Asked whose equipment were they, the first officer said: "I don't know, not the ship's. There is no such equipment on the ship. The deck has rods with hooks for chains, and when I got there the rods had been cut."
Gokhan added that the IHH activists did not allow anyone but members of their group to pass through their section of the ship.
Finally, some information that emerged from the inspection of the flotilla's cargo, once the ships had been escorted to the Israel port of Ashdod. A first surprise was, of course, that neither the Mavi Marmara nor two other of the six vessels carried any aid at all. Of the six ships that formed the flotilla, only three contained humanitarian aid: the Gaza, the Sofi and the Defney.
But it was the state of some of the items and equipment that caused something of a shock. Reports indicate that they were not packaged or stacked on the ship in a structured way, as might have been expected from a well-organized humanitarian aid cargo. Individual items had simply been thrown on to a pile on the ships – among them, it is claimed, shoes so worn that they had holes in their soles. As a result many of the items at the bottom of the piles were damaged from the weight of goods piled above them.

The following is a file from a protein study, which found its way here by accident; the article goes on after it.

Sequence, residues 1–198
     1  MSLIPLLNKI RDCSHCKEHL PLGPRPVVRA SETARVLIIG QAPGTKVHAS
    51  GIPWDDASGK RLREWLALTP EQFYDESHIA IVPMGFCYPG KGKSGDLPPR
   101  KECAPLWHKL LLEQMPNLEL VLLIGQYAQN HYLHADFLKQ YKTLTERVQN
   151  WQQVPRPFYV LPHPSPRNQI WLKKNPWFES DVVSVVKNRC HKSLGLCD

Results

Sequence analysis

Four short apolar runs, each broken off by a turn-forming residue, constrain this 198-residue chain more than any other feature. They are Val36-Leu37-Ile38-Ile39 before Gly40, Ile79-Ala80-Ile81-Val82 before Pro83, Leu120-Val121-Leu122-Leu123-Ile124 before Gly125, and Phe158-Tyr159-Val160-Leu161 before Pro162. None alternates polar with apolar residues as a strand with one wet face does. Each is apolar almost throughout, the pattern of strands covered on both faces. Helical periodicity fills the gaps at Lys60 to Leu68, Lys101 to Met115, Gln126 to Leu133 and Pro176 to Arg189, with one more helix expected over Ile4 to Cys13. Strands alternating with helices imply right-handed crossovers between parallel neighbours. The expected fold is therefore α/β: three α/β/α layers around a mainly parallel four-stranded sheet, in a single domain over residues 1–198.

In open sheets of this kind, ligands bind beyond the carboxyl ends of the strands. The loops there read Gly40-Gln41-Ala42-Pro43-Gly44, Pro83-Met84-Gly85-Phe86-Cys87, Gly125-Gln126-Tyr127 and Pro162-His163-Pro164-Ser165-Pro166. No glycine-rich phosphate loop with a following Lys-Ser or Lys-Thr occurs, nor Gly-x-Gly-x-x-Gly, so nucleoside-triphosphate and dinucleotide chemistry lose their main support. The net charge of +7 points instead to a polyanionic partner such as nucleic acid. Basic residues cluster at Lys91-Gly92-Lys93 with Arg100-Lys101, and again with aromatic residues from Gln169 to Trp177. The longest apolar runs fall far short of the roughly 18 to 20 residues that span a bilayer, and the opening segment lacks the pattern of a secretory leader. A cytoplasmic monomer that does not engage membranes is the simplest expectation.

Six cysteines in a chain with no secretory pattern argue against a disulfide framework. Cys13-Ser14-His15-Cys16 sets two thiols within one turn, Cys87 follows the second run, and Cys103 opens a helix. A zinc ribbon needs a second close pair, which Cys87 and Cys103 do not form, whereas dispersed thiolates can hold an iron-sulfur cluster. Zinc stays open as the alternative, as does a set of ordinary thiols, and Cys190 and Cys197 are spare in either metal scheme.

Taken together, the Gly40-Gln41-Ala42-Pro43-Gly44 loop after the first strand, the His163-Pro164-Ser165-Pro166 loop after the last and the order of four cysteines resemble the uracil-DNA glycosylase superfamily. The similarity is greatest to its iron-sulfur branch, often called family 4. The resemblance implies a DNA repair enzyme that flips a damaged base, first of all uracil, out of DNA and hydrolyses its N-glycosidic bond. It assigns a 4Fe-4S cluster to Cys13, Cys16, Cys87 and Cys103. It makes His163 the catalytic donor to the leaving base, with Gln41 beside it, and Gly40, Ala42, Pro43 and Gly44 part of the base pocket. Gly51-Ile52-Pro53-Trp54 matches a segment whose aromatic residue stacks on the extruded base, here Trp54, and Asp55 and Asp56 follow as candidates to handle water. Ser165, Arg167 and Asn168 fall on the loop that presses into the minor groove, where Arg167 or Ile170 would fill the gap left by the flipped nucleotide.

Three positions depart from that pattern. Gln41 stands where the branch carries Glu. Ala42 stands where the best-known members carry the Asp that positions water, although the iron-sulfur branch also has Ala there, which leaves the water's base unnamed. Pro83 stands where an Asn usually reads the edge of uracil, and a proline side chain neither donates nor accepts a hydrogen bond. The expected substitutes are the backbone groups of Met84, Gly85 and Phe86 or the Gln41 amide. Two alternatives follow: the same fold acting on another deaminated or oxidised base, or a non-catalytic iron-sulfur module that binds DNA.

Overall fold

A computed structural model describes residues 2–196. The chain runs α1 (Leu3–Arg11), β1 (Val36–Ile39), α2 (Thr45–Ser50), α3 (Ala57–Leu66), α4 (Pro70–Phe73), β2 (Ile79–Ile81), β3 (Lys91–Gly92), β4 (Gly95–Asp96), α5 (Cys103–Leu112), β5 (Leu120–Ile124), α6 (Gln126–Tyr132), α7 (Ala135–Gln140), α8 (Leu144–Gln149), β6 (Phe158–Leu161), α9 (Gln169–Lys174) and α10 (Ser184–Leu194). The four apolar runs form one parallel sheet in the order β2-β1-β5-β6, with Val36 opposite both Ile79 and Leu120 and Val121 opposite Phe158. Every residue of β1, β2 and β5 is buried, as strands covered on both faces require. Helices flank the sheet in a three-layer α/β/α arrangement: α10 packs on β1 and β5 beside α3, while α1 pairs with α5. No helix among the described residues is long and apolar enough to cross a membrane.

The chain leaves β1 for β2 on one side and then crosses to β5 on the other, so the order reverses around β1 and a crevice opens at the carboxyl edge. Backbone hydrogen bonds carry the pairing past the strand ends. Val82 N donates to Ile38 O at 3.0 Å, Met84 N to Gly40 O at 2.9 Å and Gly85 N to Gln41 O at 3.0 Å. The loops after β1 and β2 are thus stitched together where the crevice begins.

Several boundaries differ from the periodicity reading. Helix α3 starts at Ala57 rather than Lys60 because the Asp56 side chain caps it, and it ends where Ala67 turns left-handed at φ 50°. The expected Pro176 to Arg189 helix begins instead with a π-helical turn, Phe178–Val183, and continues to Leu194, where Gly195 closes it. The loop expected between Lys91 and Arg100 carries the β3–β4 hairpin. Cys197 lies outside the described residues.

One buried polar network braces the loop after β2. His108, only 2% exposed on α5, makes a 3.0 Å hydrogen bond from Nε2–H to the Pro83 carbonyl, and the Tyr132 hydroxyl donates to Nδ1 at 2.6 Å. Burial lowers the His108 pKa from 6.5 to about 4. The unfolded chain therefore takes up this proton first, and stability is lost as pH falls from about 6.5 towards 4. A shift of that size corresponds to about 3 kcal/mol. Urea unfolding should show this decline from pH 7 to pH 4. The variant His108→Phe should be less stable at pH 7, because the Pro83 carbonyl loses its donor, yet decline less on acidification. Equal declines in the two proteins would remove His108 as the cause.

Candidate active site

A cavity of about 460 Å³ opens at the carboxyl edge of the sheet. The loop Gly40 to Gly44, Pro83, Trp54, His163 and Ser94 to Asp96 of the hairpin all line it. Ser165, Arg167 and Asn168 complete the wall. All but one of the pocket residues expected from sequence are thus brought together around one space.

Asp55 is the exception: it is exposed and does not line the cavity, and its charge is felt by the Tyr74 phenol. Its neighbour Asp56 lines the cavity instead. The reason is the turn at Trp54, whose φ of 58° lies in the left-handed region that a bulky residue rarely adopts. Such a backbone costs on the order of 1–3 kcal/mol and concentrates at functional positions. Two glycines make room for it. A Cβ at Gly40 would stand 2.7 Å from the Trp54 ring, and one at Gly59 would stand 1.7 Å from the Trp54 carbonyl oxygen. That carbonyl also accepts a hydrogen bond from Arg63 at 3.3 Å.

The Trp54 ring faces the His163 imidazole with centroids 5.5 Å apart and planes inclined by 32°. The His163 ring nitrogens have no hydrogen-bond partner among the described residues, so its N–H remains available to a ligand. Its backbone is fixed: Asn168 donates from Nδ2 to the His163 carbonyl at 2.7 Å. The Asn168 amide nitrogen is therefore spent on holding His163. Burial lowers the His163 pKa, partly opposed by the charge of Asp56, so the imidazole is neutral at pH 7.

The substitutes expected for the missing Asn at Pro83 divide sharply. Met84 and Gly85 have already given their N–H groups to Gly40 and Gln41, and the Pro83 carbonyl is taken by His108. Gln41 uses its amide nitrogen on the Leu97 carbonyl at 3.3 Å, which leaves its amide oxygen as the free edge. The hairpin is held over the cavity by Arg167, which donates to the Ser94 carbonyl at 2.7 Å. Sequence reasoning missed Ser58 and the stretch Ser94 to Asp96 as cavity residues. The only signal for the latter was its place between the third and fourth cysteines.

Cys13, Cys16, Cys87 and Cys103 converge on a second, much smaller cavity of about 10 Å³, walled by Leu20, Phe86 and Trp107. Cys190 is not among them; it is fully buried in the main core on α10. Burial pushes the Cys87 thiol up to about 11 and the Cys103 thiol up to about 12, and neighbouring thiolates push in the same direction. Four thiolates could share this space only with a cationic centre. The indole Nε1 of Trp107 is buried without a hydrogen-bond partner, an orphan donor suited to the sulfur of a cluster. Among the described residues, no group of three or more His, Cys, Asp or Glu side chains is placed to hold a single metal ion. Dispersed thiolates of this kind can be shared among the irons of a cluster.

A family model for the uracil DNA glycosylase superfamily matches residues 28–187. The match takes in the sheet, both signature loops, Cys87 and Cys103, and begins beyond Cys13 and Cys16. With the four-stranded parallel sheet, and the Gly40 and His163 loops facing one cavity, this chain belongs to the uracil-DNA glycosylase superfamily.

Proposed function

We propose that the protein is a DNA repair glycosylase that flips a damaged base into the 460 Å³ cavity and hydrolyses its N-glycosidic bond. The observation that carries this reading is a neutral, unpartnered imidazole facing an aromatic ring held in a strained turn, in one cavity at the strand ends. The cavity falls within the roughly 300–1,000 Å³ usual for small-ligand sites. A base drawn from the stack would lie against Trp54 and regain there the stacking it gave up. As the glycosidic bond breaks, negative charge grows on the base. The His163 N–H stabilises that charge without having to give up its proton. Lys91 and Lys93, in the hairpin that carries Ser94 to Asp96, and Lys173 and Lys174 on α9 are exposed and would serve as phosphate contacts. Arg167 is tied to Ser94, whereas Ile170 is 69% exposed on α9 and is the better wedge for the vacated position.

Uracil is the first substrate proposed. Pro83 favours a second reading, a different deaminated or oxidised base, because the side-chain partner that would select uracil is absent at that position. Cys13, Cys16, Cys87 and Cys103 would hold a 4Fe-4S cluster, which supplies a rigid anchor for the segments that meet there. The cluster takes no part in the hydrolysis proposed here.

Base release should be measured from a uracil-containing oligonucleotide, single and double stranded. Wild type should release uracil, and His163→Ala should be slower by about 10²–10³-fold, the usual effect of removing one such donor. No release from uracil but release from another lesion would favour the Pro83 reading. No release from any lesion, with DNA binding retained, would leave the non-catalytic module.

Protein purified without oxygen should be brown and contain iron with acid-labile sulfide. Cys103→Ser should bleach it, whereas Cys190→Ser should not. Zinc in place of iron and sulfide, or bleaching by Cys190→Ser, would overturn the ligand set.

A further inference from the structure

What does all this new information suggest?
That under the cloak of providing humanitarian aid to Gaza, an operation to confront Israel, with violence as a possibility – if not actively an intention – was planned with the connivance of the ruling AKP party and possibly of the Turkish prime minister. It was fronted by the IHH, a compliant Islamist non-governmental organisation. A flotilla of six ships was packed with over 600 international supporters, masking the infiltration on board the leading vessel of 40 armed and dangerous activists. A rag-bag collection of goods, equipment and building materials was flung higgledy-piggledy into three of the vessels to give credence to the humanitarian intention of the operation. At sea, the militants took over control of the ship from the captain, who had been kept in the dark about the real intention behind the enterprise.
Israel's botched military intervention, and the consequent death of nine of the militants, provided prime minister Erdogan with a political and diplomatic bonus he could scarcely have hoped for. He was not slow to exploit it, condemning Israel for committing a "massacre", while the world remained unaware of his own alleged involvement, and that of his AKP party, in the plot to foment a confrontation from its very beginning.